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Earlier this month, the Audit Bureau of Circulations released a report showing that consumer magazine newsstand sales fell 9.2 percent in the first half of 2011. But decreasing print sales isn’t news in the publishing world.

Since the birth of the Internet, magazines and newspapers alike have made many attempts to make up for lagging print sales by going digital. Now, as iPads and other tablets grow in popularity, magazines are increasingly putting money and time into the app market.

A growing number of app-only subscriptions and individual digital copies of magazines are now being sold on platforms like Apple’s Newsstand. The platform gives iPad users access to a digital library of magazines and newspapers, and exists in a medium where consumers are used to paying to play. “It’s not that far-fetched to imagine 20 to 25 percent of magazines’ readership existing in a digital platform three to four years from now,” Scott Dadich, vice president of digital magazine development for Condé Nast, told the Nieman Journalism Lab.

There is certainly evidence of a trend leading that way. According to a June report from, Condé Nast offers 37 apps; Hearst offers 100; Meredith offers 13; and Times Inc. offers 39. While most of those were special edition or utility apps, Condé Nast offered nine digital editions of magazines, Meredith offered three and Time Inc. offered five. And those numbers are only increasing.

Earlier this month, Time Inc. became the first magazine publisher to announce that all of its U.S. titles will be available as apps on the major tablet platforms by the end of 2011. Poynter reported that readers will be able to purchase “all access” subscriptions that include the print editions of the magazines and the digital apps, digital-only subscriptions or single copies of each magazine.

Meanwhile, Condé Nast’s Bon Appetit launched its first app this month, featuring recipes and cooking tips. While this app is supplemental to the print edition of the magazine, a full digital magazine replica is due out early next year, Bon Appetit special projects editor Scott DeSimon, said in an email.

According to Hearst executive Chris Wilkes in an interview with, while consumers often expect the Internet to remain free, the tablet market could allow magazines to earn actual profit from digital content and subscriptions. The New York Times reported that the New Yorker made an additional $1.2 million in revenue thanks to the iPad app released this spring, which sounds like a great success in the battle to make a profit from digital magazine sales.

However, when it comes to apps and digital editions, the numbers are still unclear. For example, the New York Times reported that while the New Yorker has approximately 100,000 iPad readers overall, only about 20,000 of those are digital-only subscribers who pay $59.99 per year for the app. The remaining 80,000 get free access to the app with their print subscriptions.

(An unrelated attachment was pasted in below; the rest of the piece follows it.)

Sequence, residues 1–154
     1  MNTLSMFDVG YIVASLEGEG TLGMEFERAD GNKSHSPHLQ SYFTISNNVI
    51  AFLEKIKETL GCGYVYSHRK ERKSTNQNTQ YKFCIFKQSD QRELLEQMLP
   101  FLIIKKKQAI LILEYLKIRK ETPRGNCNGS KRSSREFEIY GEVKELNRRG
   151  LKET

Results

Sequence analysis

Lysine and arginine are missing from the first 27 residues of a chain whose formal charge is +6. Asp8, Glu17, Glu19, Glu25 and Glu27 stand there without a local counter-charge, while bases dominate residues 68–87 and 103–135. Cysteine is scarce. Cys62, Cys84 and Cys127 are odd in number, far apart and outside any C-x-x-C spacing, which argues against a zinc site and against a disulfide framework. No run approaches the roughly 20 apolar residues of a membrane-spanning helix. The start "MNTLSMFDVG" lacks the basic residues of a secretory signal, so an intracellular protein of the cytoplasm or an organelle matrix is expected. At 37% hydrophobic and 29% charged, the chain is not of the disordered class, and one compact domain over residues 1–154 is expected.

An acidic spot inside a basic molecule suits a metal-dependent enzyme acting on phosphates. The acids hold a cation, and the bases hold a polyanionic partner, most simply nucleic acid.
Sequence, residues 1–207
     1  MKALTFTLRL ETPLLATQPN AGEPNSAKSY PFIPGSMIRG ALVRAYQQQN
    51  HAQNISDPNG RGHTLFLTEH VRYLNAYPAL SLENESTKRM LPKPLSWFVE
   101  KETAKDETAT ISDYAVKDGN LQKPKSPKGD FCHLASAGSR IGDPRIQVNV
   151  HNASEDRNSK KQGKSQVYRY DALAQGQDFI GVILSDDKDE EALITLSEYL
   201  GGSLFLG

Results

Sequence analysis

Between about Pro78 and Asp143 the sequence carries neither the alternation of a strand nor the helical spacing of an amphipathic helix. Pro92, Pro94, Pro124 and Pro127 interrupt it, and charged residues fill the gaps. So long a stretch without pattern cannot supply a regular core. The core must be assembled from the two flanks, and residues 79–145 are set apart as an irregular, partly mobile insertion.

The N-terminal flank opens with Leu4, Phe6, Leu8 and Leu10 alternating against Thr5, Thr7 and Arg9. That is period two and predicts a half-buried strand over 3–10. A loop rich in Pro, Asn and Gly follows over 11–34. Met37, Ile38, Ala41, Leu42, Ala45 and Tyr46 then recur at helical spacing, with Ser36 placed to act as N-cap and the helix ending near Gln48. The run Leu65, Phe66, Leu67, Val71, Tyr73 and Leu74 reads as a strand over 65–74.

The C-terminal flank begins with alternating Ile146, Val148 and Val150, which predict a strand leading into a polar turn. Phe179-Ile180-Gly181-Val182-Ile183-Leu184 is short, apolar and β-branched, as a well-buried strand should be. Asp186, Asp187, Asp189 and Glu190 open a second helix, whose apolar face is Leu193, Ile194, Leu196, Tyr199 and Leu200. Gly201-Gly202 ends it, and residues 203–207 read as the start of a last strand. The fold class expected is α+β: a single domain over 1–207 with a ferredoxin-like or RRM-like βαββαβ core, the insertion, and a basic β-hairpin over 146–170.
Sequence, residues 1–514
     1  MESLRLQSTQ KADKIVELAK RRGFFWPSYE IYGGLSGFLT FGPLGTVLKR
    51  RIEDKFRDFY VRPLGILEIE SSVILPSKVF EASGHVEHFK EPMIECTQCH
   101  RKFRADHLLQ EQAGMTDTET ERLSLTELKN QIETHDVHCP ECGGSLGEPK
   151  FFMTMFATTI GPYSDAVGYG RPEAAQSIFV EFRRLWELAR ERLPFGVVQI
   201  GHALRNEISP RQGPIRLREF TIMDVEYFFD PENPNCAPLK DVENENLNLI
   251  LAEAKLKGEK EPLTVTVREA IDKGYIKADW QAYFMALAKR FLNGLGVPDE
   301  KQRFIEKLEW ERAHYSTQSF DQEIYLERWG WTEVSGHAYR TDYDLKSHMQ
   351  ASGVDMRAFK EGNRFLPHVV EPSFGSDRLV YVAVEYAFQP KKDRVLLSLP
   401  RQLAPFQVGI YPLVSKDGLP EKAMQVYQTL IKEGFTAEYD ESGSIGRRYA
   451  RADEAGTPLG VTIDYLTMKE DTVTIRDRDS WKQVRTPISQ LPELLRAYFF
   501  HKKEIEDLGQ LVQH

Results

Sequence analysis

Following the same trend is Condé Nast, which has attracted about 242,000 digital readers. However, about 136,000 of those are print subscribers who did not have to pay extra for the digital editions, reported Adweek. At this point, Condé Nast is the only publisher that has even released numbers about digital-only readership. According to the Time Inc. marketing department, digital-only statistics for the magazines haven’t officially been recorded at all.

This lack of data makes selling ad space on apps an unknown territory, which might hold magazines back from really turning a profit from digital editions. But it is possible that selling ad space for apps and other digital platforms could become a real form of revenue for magazines in the future.

Hearst and Bonnier have both promised audience, demographic and engagement data from digital editions to the marketing and media specialist company MediaVest, according to Adweek. In exchange, the company will encourage its clients to buy ads that will run in the publishers’ digital editions. And since a lack of consumer data has played a large part in the skepticism of advertisers when it comes to digital platforms, Hearst and Bonnier are taking a step in the right direction by reporting their numbers.

Like Hearst and Bonnier, Time Inc. is moving on track. According to Poynter, ads will appear on Time Inc.’s tablet editions of the magazines that will be released at the end of the year, and digital sales and subscriber information will be reported to the Audit Bureau of Circulations starting in 2012.

“Now is the time for us to make this bold commitment. In the coming year, there will clearly be many more consumers using tablets, accelerating demand for content and driving advertiser interest. We are putting ourselves in a great position to take advantage of these opportunities,” Maurice Edelson, executive vice president and a member of Time Inc.’s interim management committee, told Poynter. “Having our entire portfolio available on tablets will create a significant new digital reach for our advertisers.”

–Julia Russell

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